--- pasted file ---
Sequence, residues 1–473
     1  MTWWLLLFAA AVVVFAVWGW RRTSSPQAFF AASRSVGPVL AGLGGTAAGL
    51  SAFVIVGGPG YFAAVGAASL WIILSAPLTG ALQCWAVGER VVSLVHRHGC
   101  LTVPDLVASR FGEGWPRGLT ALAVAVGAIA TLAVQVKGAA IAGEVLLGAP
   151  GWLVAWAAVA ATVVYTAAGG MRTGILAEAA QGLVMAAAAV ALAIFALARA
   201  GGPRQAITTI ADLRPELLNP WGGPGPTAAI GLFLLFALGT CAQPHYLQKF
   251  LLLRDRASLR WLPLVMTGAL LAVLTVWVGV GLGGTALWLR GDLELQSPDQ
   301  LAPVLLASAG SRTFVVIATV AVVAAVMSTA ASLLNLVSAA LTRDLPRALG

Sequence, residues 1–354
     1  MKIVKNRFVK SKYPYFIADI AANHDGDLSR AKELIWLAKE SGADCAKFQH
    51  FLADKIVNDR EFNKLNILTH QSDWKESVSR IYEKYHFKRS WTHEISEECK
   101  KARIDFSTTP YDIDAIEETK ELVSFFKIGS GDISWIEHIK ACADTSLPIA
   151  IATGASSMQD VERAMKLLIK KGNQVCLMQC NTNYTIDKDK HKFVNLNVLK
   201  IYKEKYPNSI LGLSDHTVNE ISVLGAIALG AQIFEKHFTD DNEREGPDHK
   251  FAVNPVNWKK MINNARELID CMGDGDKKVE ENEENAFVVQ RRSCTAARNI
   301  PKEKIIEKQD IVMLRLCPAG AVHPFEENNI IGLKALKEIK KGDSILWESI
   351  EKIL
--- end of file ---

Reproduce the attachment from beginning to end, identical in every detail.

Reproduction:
Sequence, residues 1–473
     1  MTWWLLLFAA AVVVFAVWGW RRTSSPQAFF AASRSVGPVL AGLGGTAAGL
    51  SAFVIVGGPG YFAAVGAASL WIILSAPLTG ALQCWAVGER VVSLVHRHGC
   101  LTVPDLVASR FGEGWPRGLT ALAVAVGAIA TLAVQVKGAA IAGEVLLGAP
   151  GWLVAWAAVA ATVVYTAAGG MRTGILAEAA QGLVMAAAAV ALAIFALARA
   201  GGPRQAITTI ADLRPELLNP WGGPGPTAAI GLFLLFALGT CAQPHYLQKF
   251  LLLRDRASLR WLPLVMTGAL LAVLTVWVGV GLGGTALWLR GDLELQSPDQ
   301  LAPVLLASAG SRTFVVIATV AVVAAVMSTA ASLLNLVSAA LTRDLPRALG

Sequence, residues 1–354
     1  MKIVKNRFVK SKYPYFIADI AANHDGDLSR AKELIWLAKE SGADCAKFQH
    51  FLADKIVNDR EFNKLNILTH QSDWKESVSR IYEKYHFKRS WTHEISEECK
   101  KARIDFSTTP YDIDAIEETK ELVSFFKIGS GDISWIEHIK ACADTSLPIA
   151  IATGASSMQD VERAMKLLIK KGNQVCLMQC NTNYTIDKDK HKFVNLNVLK
   201  IYKEKYPNSI LGLSDHTVNE ISVLGAIALG AQIFEKHFTD DNEREGPDHK
   251  FAVNPVNWKK MINNARELID CMGDGDKKVE ENEENAFVVQ RRSCTAARNI
   301  PKEKIIEKQD IVMLRLCPAG AVHPFEENNI IGLKALKEIK KGDSILWESI
   351  EKIL